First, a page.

howe

Having said thus much of the authorities on which the practice of giving the bark in continual fevers, and the exa. cerbations of the remitting, is unjustly endeavoured to be established, let us next examine how far it can be supported by this author's own experience. For this purpose, we mall, in our next Review, take a short view of the cases which he 2 2

has

has related of the remitting fever, and of his observations upon them.

[ To be continued. ]

III. Miscellanies ; by John Armstrong, M. D. In Two Vols. 8vo.

Pr. 6s. Cadell. THIS collection is made by the doctor himself, and printed

under his own inspection. This task, he tells us, he has long avoided, and would hardly have submitted to it now, but for the sake of preventing his works from being some time hereafter exposed in a ragged mangled condition, and loaded with more faults than they originally had : while it might be impossible for him, by the change, perhaps, of one letter, to recover a whole period from the most contemptible nonsense.' The publication contains most of the doctor's pieces formerly offered to the public, and several others which he informs us have lain by him for many years. He has lost and destroyed, he tells us, what would probably enough, have been better received by the great majority of readers than any thing he has published. If he could have prevailed upon himself to have destroyed many things printed in these voluines, the best judges (for whom only the doctor publishes) would, we are persuaded, have honoured him with stronger marks of their approbation. Their commendation, however, he highly deserves, for not inserting into this collection a poem, which, though extremely censurable, contributed to his fame as a writer. The doctor seems very unreasonably apprehensive of his receiving disgust from the unmcaning praises of the public. His apprehensions upon this head, are, we imagine, out of all pro. poriion to the grounds upon wh ch he builds them. We dare venture to assure him, that though he had taken less pains to prevent them, the praises of the public upon this occasion, would have furnished a very moderate exercise for his philo. sophy.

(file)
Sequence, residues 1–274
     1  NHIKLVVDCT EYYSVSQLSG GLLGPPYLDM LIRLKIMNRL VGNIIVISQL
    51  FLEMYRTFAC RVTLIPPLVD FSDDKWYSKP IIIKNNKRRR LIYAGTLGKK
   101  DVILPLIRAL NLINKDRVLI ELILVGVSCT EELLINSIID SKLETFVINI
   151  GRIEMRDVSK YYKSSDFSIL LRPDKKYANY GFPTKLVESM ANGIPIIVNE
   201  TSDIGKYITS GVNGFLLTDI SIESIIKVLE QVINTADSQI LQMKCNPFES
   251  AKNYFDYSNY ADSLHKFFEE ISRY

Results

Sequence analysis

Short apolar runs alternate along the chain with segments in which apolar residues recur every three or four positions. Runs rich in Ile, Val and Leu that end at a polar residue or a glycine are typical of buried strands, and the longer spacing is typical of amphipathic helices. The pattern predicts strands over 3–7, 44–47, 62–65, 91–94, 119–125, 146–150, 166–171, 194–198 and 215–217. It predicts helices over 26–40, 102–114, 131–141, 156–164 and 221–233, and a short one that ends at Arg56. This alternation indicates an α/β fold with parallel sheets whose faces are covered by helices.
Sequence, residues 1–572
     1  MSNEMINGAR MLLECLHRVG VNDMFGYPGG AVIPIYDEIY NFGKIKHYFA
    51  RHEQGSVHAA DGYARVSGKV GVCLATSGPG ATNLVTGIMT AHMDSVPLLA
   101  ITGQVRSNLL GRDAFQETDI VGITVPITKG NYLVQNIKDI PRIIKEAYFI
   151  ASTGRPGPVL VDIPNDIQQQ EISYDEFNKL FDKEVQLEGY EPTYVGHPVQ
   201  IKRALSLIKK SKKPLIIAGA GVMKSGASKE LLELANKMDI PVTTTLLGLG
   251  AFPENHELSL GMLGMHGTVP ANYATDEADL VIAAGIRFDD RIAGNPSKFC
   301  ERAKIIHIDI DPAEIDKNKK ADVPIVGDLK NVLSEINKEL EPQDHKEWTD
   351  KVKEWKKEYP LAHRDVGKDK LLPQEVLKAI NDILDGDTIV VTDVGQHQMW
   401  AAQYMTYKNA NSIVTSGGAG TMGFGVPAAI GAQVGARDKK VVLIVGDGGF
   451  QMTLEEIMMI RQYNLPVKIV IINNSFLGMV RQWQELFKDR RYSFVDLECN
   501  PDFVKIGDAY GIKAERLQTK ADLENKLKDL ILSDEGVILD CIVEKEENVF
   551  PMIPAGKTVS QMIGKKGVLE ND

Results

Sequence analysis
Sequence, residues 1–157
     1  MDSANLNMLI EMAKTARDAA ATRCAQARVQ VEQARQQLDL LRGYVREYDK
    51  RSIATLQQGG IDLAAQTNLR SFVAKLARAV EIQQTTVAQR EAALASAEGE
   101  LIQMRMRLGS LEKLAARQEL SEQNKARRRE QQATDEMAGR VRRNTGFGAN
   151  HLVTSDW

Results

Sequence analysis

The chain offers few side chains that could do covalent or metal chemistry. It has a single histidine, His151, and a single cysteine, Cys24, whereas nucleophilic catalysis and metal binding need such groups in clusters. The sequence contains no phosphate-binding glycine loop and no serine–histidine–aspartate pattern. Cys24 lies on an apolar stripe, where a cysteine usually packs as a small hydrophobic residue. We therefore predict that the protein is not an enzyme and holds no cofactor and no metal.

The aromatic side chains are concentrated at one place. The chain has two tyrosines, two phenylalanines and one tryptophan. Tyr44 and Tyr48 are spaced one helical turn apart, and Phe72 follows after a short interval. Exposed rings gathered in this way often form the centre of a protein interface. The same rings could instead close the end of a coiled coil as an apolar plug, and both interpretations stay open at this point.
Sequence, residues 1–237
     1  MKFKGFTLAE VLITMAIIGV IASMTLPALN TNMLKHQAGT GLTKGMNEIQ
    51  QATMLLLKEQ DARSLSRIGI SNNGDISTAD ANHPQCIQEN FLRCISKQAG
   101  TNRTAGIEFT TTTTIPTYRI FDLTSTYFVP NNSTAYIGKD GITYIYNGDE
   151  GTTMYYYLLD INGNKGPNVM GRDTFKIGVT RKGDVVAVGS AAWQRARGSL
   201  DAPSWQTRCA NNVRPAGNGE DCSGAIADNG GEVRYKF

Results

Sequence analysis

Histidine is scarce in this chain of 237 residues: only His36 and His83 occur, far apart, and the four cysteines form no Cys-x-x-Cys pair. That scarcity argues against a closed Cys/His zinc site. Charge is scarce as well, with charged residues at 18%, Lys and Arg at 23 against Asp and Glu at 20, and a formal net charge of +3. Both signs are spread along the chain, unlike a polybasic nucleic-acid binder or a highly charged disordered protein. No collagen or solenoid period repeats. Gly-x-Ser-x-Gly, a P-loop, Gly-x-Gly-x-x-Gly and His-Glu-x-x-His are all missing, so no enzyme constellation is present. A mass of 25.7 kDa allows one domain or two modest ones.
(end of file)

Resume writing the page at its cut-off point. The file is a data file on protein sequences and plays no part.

« The Contents of the First Volume.
The Art of preserving Health. In Four Books.
Of Benevolence: An Epiftle.
Of Taste: An Epistle to a young Critic.
Imitations of Shakespear and Spenser.
The Universal Almanac.'

The doctor's Winter. Piece, in imitation of Shakespear, was, he tells us, one of his first attempts in poetry, made when he was very young. It was just finifhed when Mr. Thomson's ce

lebrated lebrated poem upon Winter appeared. Mr. Thomson procured a copy, which he showed to his poetical friends, Mr. Mallet, Mr. Aaron Hill, and Dr. Young, who, it seems, did great honour to it. Mr. Mallet desired, and obtained the author's leave to print it, but altered his mind, so that this little piece has continued until now unpublished. After this account of it our readers will no doubt be curious to see it.

• Now Summer with her wanton court is gone
To revel on the south side of the world,
And flaunt and frolic out the live-long day.
While Winter rising pale from northern seas
Shakes from his hoary locks the drizzling rheum. "
A blast so Ihrewd makes the tall-bodied pines
Unfinew'd bend, and heavy. paced bears
Sends growling to their savage tenements.

• Now blows the surly north, and chills throughout
The stiffening regions ; while, by stronger charnis
Than Circe e'er or fell Medea brew'd,
Each brook that wont to prattle to its banks
Lies all bestillid and wedg'd betwixt its banks,
Nor moves the wither'd reeds : and the rash flood
That from the mountains held its headstrong course,
Buried in livid sheets of vaulting ice,
Seen thro' the Mameful breaches, idly creeps
To pay a scanty tribute to the ocean.
What wonder? when the floating wilderness
That scorns our miles, and calls Geography
A shallow pryer; from whose unsteady mirrour